The Real Deal New York

Posts Tagged ‘NBC’

  • 30rock-rotunda

    Rendering of 30 Rock rotunda

    NBCUniversal announced plans to renovate the iconic 30 Rockefeller Plaza. But while the company prepares for the building’s posterity, the design plans signal a backwards glance. [more]

  • 30 Rockefeller Plaza

    Comcast’s $16.7 billion acquisition Tuesday of the remaining stake in NBCUniversal includes the sale of a large chunk of the iconic 30 Rockefeller Plaza, the Wall Street Journal reported. As part of the deal with General Electric for the 49% of NBC that it doesn’t already own, Comcast will pay $1.4 billion for 1.3 million square feet of office and studio space in the building as well as in CNBC’s headquarters in Englewood Cliffs, N.J. The deal is one of the largest the market has seen in recent years, eclipsing even the Chetrit Group’s acquisition of the Sony Building at 550 Madison Avenue for $1.1 billion. … [more]

  • From left: Mary Ann Tighe, Gary Trock and Amira Yunis

    CBRE Group landed assignments at one of the city’s most visible retail spaces and with one of its best-known office tenants. The New York Post reported that the brokerage’s retail team of Gary Trock and Amira Yunis was brought in to help the Durst Organization find a tenant for the 42,550-square-foot retail space at 4 Times Square. The landlord’s in-house leasing team nearly leased the space to Express, but the clothing retailer backed out of the deal to take what it considered a “more visible” location at SL Green and Jeff Sutton’s 1552 Broadway. [more]

  • The NBC Sports division may move out of 30 Rockefeller Plaza to Connecticut, the New York Times reported. According to the Associated Press, the company has already agreed to move to Stamford to take advantage of increased tax credits that the city has been offering to businesses.

    As has been reported earlier, Gov. Dan Malloy of Connecticut has launched a “First Five” program, which offers tax credits and loans to the first five businesses in the state to promise to create at least 200 jobs. … [more]

  • NBC Universal has signed a 10-year lease for 1.4 million square feet of space at Rockefeller Center in the wake of its acquisition by Comcast, according to the Post. The space, which NBC parent company General Electric bought for $440 million in 1996 after the Rockefeller Center bankruptcy bailout, consists of full-floor office condominiums in 30 Rockefeller Center (where the lease includes 75,602 square feet), the studio building at 49 West 49th Street (where NBC leased 475,110 square feet) and 1250 Sixth Avenue (where NBC leased 187,065 square feet). As part of the deal, brokered by Scott Panzer of Jones Lang LaSalle, NBC will have first dibs on the condos if GE ever decides to sell them. … [more]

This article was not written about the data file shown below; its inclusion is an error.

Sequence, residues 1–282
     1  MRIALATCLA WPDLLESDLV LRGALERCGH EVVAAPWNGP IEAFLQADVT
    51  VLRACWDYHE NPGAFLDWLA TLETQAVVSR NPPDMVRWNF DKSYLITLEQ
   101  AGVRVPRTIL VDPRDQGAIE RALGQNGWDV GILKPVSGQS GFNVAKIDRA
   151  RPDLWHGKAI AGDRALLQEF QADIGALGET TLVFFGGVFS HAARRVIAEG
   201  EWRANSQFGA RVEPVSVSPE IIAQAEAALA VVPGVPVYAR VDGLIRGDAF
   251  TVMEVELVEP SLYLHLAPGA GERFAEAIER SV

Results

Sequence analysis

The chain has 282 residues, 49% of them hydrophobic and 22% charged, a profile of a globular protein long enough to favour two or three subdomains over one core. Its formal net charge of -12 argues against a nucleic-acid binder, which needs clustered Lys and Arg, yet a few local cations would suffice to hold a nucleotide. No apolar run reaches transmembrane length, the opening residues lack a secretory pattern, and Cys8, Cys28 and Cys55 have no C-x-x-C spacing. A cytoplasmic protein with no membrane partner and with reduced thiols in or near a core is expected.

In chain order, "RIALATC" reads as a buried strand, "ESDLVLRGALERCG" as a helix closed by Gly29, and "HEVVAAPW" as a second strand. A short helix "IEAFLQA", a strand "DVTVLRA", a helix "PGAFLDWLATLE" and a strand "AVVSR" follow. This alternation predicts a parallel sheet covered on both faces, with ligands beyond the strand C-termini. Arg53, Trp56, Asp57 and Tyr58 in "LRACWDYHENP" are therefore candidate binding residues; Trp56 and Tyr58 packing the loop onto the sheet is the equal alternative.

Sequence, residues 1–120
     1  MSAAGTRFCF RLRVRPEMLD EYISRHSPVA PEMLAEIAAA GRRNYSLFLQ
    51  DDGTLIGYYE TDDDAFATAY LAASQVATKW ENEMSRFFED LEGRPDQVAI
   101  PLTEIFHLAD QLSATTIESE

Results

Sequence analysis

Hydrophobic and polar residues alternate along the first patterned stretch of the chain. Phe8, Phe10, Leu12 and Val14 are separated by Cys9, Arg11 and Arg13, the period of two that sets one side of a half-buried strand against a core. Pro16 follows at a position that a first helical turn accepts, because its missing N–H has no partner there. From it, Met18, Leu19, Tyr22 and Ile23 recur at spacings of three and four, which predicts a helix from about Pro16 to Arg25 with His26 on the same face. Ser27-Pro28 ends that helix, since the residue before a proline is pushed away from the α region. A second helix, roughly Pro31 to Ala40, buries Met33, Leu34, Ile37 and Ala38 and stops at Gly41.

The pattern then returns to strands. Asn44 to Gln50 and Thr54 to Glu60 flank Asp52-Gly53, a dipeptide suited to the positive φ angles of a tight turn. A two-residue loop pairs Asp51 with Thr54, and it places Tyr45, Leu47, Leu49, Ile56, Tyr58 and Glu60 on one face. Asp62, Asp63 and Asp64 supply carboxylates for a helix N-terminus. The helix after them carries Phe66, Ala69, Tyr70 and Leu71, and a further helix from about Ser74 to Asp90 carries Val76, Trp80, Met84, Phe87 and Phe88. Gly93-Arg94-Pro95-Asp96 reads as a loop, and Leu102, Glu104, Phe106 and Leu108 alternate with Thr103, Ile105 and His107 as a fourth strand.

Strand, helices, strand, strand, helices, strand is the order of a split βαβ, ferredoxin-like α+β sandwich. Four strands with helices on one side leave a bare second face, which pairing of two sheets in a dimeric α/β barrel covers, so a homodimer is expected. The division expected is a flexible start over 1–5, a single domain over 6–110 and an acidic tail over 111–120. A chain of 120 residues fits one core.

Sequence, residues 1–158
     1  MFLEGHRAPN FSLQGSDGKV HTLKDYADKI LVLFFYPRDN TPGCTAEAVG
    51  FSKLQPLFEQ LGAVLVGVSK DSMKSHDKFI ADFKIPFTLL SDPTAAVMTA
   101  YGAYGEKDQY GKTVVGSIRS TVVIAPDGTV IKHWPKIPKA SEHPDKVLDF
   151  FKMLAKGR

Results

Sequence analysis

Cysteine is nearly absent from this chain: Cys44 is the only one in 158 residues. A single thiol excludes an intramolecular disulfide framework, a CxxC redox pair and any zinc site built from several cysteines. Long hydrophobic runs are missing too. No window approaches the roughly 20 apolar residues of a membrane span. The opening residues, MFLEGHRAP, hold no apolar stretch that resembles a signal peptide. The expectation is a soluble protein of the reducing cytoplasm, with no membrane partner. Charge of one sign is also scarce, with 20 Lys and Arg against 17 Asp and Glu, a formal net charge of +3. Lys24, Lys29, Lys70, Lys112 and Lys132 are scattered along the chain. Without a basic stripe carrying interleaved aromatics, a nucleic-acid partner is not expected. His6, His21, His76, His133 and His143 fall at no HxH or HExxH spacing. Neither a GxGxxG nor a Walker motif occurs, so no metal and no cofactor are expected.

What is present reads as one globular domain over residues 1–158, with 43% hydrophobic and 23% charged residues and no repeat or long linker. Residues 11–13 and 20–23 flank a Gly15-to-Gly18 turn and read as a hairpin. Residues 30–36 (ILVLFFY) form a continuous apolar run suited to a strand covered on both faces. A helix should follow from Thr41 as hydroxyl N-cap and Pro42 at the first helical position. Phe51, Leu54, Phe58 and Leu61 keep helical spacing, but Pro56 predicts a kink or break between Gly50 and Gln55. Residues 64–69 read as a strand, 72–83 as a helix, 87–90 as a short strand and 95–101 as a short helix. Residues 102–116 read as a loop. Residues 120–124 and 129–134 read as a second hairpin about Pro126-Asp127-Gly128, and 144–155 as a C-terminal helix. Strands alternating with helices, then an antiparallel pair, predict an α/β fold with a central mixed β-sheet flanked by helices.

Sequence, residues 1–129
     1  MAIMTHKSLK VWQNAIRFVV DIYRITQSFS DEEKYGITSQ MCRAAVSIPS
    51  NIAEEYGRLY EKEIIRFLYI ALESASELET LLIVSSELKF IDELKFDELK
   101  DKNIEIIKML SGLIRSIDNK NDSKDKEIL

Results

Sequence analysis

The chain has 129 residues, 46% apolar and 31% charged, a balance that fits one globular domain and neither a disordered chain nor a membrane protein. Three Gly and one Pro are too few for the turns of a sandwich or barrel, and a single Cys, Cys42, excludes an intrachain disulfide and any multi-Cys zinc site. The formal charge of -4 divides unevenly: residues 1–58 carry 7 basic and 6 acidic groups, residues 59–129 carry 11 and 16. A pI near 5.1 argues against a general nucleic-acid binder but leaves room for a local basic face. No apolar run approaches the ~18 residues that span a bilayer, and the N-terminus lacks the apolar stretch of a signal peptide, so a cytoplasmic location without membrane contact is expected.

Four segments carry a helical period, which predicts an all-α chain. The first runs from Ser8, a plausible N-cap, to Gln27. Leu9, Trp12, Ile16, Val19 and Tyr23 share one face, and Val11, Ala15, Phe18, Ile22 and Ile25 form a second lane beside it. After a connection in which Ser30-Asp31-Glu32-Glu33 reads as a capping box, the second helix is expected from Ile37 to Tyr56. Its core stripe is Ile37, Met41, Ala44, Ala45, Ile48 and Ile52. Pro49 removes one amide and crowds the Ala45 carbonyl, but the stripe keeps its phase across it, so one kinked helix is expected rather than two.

• NBC inks Midtown deal

    October 21, 2010 02:30PM

    135 West 50th Street and NBC Universal star Brian Williams

    NBC Universal has signed a three-year, 28,541-square-foot lease at 135 West 50th Street between Sixth and Seventh avenues, according to Murray Hill Properties, which represented the landlord. The tenant was represented by Cushman & Wakefield. Although the final rent was not immediately available, the asking rent for the space was $60 per square foot. The office is roughly four blocks from NBC Universal headquarters, located at 30 Rockefeller Plaza. TRD


  • Comcast CEO buys at 15 CPW

    May 06, 2010 03:05PM

    Brian Roberts, the Philadelphia-based Comcast CEO who struck a deal in December to take over NBC Universal from the General Electric Company, is in contract on a New York City pied-a-terre at 15 Central Park West, broker sources told the Wall Street Journal. Roberts had been eyeing two-bedroom units in the building with Central Park views that ranged in price from $7 million to $12.9 million, but it was unclear which one he ultimately settled upon. … [more]


  • In response to the glut of vacant apartment buildings on the market since the real estate bust, including the Isabella in Clinton Hill, Assembly member Hakeem Jeffries has proposed legislation that would give struggling developers new bank loans at reduced prices in exchange for renting or selling units at lower prices. The developers “can either hope that things turn around and allow these apartments to sit vacant or they can work with the government to actually transform these units into productive apartments,” Jeffries told NBC’s Ida Siegel. He counted more than 60 brand new buildings that are sitting empty or partially full in his Brooklyn district, which includes parts of Clinton Hill, Flatbush, Fort Greene, Prospect Heights, Park Slope and Bedford-Stuyvesant. Jeffries’ proposal could have a negative effect on people who have already purchased units in such buildings. “Unfortunately, the people that bought into [them] are the ones that are going to see damage to their equity,” appraiser Jonathan Miller, of Miller Samuel, said.